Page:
Zhang, B. H., Patterson, R., Richmond, G., Parker, J., Merrill, J., Urban-Lurain, M., Rollins, S. L., Webber, E., and Long, T. 2005. Using self-response systems and online learning environment in large college science classes - the technologies, instructional design, and implications. 2005 International Conference on Computers in Education.
Zhang, B. H., Richmond, G., Parker, J., Merrill, J., Patterson, R., Urban-Lurain, M., Rollins, S. L., Webber, E., and Long, T. 2005. A model-based reasoning framework for science teaching and learning. Proceedings of Teacher Education for the Schools We Need, The Ontario Institute for Studies in Education, University of Toronto.
Rollins, S. L., Parker, C. A., Gross, K. L., and Mittelbach, G. G. 2004. The Relative Importance of Biodiversity in the Stability of Plant Populations in Successional Communities. W. K. Kellogg Biological Station LTER All Investigator Meeting and Ecological Society of America Annual Meeting: Abstract
Rollins, S. L., Benbow, M. E., and Merritt, R. W. 2003. Road salt effects on wetland algal assemblages. 17th North American Diatom Symposium, Islamorada, FL.
Rollins, S. L., and Stevenson, R. J. 2003. Diatom species' responses along environmental gradients: Are they Gaussian? Bulletin of the North American Benthological Society 20(1): Abstract
Benbow, M. E., Rollins, S. L., and Merritt, R. W. 2003. Road salt effects on community structure and function in small wetland mesocosms. Ecological Society of America Annual Meeting: Abstract
Rollins, S. L., Stevenson, R. J., and Hawkins, C. P. 2002. Predicting Periphyton Biomass in western United States Reference Streams. Bulletin of the North American Benthological Society 19(1): Abstract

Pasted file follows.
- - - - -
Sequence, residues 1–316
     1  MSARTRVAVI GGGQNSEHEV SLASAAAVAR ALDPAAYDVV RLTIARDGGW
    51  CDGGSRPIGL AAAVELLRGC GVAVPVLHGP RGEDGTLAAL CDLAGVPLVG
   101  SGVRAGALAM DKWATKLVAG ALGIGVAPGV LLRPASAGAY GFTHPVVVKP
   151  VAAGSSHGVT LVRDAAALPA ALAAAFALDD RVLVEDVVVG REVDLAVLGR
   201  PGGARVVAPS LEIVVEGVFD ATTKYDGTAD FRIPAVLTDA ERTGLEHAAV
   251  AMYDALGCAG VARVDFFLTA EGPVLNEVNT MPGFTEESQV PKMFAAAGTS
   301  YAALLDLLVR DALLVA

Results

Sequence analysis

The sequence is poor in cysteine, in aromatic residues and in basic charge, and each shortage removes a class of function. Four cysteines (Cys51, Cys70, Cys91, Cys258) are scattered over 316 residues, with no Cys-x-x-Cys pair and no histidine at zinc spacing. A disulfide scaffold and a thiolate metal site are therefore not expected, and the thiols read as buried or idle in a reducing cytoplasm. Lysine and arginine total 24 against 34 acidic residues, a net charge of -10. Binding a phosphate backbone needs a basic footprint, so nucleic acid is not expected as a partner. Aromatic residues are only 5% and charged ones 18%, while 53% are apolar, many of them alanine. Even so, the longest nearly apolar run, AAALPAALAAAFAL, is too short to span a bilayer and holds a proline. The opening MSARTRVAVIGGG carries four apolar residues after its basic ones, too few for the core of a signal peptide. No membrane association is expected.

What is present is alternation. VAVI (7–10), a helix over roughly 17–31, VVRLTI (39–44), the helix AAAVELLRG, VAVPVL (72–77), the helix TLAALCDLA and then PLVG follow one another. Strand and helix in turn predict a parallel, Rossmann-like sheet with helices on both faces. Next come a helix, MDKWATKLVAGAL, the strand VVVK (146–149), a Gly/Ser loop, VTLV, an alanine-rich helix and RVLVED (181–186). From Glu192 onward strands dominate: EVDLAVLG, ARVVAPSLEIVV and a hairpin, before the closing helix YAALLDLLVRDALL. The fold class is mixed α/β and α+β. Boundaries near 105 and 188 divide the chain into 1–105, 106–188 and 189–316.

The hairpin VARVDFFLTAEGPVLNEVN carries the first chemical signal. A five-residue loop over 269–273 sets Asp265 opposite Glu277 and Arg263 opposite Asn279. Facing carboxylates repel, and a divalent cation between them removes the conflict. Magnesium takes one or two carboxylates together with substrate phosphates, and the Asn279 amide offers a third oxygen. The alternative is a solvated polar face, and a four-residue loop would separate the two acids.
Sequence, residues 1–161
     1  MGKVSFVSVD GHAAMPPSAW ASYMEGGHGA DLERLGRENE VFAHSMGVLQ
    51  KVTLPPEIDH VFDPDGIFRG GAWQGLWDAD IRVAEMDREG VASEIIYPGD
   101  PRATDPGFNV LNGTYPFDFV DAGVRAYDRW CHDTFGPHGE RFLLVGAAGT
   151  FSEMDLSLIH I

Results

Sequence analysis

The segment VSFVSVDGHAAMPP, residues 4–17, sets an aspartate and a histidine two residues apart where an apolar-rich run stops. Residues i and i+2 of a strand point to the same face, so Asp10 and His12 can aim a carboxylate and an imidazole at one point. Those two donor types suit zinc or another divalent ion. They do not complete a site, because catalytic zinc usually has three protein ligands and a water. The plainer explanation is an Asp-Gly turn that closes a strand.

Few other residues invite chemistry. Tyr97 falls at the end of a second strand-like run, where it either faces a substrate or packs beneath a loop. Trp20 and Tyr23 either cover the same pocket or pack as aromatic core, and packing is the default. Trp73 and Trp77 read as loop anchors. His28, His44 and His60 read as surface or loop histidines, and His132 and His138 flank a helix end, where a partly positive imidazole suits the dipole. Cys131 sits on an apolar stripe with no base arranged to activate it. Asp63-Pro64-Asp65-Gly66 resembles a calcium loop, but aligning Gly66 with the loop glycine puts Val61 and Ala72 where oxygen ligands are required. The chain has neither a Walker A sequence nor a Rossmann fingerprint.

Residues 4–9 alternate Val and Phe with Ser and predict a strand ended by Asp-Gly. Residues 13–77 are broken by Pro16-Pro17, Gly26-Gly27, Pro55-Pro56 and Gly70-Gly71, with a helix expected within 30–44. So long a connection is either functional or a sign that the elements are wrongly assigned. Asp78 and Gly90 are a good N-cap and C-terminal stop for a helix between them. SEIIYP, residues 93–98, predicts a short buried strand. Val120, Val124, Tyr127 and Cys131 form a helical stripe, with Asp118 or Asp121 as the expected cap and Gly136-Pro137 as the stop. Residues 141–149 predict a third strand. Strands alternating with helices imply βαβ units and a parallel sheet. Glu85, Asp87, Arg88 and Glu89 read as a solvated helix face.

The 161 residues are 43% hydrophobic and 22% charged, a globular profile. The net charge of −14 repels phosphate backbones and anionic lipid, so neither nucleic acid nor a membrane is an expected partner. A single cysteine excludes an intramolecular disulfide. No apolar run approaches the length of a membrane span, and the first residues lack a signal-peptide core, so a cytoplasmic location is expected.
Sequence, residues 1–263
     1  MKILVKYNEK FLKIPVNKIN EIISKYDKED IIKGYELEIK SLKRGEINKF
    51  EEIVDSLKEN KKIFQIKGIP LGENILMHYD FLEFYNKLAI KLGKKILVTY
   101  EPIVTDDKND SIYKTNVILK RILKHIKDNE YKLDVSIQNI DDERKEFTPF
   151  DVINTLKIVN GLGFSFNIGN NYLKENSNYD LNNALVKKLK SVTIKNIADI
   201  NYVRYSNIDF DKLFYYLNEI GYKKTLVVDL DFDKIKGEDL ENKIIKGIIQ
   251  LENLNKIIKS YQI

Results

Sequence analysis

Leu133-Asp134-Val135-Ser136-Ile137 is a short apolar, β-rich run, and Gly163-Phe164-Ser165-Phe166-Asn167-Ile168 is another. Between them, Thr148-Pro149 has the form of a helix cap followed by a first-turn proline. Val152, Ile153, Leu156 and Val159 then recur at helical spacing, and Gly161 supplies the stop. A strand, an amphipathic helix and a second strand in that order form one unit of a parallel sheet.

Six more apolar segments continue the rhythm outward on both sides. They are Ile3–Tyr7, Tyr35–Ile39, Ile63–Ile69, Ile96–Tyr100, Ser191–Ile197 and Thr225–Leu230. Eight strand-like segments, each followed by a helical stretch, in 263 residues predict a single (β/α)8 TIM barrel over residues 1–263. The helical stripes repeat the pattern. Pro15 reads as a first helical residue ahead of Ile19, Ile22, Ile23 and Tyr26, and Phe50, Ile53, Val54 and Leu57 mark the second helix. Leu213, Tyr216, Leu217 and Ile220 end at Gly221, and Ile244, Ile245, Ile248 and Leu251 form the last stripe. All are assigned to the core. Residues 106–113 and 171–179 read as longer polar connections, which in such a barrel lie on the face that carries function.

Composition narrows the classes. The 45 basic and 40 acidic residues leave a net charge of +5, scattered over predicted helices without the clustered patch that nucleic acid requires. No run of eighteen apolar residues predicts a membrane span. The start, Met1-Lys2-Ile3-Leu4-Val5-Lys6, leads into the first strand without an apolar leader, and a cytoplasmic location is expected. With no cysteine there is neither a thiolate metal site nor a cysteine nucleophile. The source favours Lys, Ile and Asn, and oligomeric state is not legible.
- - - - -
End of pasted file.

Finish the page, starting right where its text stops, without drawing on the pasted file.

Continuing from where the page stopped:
Hawkins, C. P., Stevenson, R. J., Roberts, D. W., Rollins, S. L., Cao, Y., Olson, J. R., Creutzburg, B. R., and Anderson, A. 2002. The Western Streams Reference Assessment Project: Evaluating the Performance of Reference Classification Methods. Forum on Research, Teaching, and Outreach Programs in Land Use at Michigan State University.
Rollins, S. L., Stevenson, R. J., and Hawkins, C. P. 2001. Ecological Determinants of Algal Biomass in Western United States Streams. 16th North American Diatom Symposium, Ely, MN.
2007-2011. $660,000. Algae Biomonitoring and Assessment of Central California Coast Watersheds. Consolidated Grants Program, California State Water Resources Control Board.
2010-2011. $16,000 subaward of a $1,801,000 project funded by the Bill and Melinda Gates Foundation to compile and develop digital materials to teaching BIOL& 160, General Biology at a textbook cost to students <$30.
2003. $2000. Factors influencing the ability of algal communities to respond to environmental change. National Women's Farm and Garden Association of Michigan and The University of Michigan Biological Station.
2001-2011. ca. $4000. Various competitive travel, supply, and instructional development grants from the North American Benthological Society, Michigan State University, the Organization Committee for the North American Diatom Symposium, the Hanes Trust, Spokane Falls Community College, and The Evergreen State College.